There are 7 National Parks in Alabama including National Monuments, National Military Parks, National Preserves and more.
From one of the longest rivers in the nation that flows almost entirely atop a mountain to the place where Andrew Jackson’s soldiers forever ended the power of the Creek Nation, the National Park areas of Alabama provide a unique cross-section of natural wonders and historic landmarks.
Little River Canyon National Preserve, one of the newest of the state’s national parks, covers thousands of acres atop Lookout Mountain near Fort Payne. Protecting the natural wonder called the “Grand Canyon of the East” by many, the preserve provides spectacular views of mountain scenery, stunning year-round waterfalls, rare plants and animals and a whitewater river that should only be attempted by seasoned enthusiasts. The canyon, cut as much as 600 feet into the top of Lookout Mountain over thousands of years, is a favorite place for outings, sightseeing, photography, picnicking and more.
In the far northeast corner of the state, Russell Cave National Monument preserves a cave shelter used by Native Americans for more than 10,000 years. Archaeological research at the cave leads some to believe this may be the oldest cave shelter site in the United States. It is believed that Native American hunters and their families used the cave from around 6500 B.C. to roughly 1650 A.D. The monument is located near Bridgeport.
Native American and military history, meanwhile, highlight the Horseshoe Bend National Military Park in the central part of the state. Located near the small community of Daviston, Alabama, the park preserves the scene of the Battle of Horseshoe Bend. Here, in March of 1814, an army under General (and future President) Andrew Jackson attacked an entrenched force of Creek warriors. The culminating battle of the Creek War of 1813-1814, Horseshoe Bend was also one of the major engagements of the War of 1812.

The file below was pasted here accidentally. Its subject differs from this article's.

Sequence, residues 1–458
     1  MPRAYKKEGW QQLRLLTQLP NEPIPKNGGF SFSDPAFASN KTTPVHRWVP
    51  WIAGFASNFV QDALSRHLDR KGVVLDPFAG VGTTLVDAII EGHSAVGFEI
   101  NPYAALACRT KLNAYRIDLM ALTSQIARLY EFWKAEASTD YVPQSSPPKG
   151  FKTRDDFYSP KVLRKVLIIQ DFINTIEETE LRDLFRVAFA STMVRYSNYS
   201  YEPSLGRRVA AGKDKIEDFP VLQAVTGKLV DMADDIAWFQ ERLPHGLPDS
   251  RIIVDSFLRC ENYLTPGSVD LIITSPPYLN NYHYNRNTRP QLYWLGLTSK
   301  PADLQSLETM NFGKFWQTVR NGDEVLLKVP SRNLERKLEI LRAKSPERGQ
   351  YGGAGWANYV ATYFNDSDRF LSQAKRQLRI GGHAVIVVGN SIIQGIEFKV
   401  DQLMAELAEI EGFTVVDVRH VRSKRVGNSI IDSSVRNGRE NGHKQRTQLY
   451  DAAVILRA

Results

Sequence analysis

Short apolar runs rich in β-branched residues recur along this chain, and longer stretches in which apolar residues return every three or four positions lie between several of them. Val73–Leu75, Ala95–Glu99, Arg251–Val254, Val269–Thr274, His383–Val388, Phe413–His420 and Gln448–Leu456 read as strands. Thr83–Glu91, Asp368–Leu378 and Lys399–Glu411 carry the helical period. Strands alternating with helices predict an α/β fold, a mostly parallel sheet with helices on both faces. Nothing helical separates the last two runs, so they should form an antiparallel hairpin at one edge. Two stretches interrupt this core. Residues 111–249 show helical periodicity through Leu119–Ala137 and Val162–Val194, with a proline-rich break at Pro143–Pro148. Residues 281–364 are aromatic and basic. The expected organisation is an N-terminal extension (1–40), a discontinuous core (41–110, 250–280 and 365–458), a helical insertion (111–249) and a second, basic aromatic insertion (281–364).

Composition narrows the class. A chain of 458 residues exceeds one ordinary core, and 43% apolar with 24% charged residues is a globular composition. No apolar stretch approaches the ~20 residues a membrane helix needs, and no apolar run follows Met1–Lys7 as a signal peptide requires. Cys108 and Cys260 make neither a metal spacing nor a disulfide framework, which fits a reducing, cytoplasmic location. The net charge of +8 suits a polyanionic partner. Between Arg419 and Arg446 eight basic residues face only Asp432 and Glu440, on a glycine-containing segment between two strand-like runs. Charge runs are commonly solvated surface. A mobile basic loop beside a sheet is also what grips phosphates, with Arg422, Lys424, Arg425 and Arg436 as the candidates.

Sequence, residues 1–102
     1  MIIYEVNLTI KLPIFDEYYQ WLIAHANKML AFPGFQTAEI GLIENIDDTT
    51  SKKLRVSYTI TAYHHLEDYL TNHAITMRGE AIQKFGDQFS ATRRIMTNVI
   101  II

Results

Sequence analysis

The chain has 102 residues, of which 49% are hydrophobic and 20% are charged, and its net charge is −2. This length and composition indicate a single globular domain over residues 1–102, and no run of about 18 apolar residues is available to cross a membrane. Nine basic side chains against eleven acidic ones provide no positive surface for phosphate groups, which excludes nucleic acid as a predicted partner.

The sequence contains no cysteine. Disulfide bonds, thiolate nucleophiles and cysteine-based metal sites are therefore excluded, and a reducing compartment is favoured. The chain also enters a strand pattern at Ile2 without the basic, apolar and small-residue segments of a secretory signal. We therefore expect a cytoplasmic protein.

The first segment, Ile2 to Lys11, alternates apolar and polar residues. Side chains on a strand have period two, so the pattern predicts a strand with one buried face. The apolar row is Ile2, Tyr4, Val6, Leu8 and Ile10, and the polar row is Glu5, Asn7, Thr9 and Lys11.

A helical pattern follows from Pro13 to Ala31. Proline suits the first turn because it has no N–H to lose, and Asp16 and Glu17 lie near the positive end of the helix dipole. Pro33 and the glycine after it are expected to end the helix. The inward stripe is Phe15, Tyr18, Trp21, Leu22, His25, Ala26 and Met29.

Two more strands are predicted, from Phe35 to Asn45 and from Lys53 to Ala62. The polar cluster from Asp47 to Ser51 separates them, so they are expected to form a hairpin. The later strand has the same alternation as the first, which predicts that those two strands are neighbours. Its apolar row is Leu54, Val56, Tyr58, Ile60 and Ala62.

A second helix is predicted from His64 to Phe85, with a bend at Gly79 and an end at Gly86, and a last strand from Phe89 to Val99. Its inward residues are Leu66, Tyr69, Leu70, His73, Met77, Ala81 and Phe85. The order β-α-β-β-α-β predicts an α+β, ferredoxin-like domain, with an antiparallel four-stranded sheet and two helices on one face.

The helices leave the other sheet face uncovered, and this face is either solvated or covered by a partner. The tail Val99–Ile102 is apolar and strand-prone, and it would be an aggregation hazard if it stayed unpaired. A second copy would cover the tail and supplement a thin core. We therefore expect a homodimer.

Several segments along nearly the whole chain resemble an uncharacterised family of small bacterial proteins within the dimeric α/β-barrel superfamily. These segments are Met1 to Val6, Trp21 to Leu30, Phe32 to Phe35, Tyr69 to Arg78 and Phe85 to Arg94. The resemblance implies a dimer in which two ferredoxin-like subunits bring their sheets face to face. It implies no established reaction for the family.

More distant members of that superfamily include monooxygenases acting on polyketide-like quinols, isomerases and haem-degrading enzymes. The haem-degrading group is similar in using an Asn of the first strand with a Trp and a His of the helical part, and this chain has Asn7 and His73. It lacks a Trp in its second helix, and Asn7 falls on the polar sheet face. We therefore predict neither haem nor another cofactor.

The Creeks were members of the “Red Stick” faction, a division of the nation that rebelled in hopes of sparking a return to native ways and lifestyles. They literally fought to the death at Horseshoe Bend, with more than 500 losing their lives after Jackson stormed their fortifications. The park features overlooks, interpretive facilities, a tour road through the battlefield and beautiful scenery.
Groundbreaking cultural history also took place at a pair of national park areas in the city of Tuskegee. Here, at Tuskegee Institute National Historic Site, men including Booker T. Washington and Dr. George Washington Carver created new opportunities and new lives for African Americans in the decades following the end of slavery. The site includes the George Washington Carver Museum, which recognizes the spectacular contributions of the scientist who developed scores of products using native plants and agricultural products. Other features of the park are the historic campus of Tuskegee Institute and the home of Booker T. Washington.
Nearby, the Tuskegee Airmen National Historic Site preserves the airfield where the famed Tuskegee Airmen were trained during World War Two. The Tuskegee Airmen were the nation’s first African American fighter pilots and among the most successful of the war. Over 1,000 men trained here and paved the way for full African American integration into the United States Armed Forces.
A small section of the Natchez Parkway also passes through the northwest corner of Alabama, completing the state’s fascinating collection of national park areas.
Here is a list of the 7 National Parks in Alabama and a few sites that are located in multiple states
Alabama National Parks
Birmingham Civil Rights National Monument
Freedom Riders National Monument
Horseshoe Bend National Military Park
Little River Canyon National Preserve
Muscle Shoals National Heritage Area
Natchez Trace Parkway
Russel Cave National Monument
Selma to Montgomery National Historic Trail
Trail of Tears National Historic Trail
Tuskegee Airmen National Historic Site
Tuskegee Institute National Historic Site
These parks have over 990,000 visitors each year as of 2016. These visitations produce over 45 million in economic benefits according to the National Park Service.
Alabama also has 1,297 National Register of Historic Places listings. 38 National Historic Landmarks, 7 National Natural Landmarks, 1,255 places recorded by the Heritage documentation program and 258 Archeological sites within the national park sites.
There are 13 threatened and endangered species found in the Alabama National Parks.
Check out this list of US National Parks to check off and see how many you have been to!
If you have ever wondered about how to become a Park Ranger check out this article on How to Become a Park Ranger.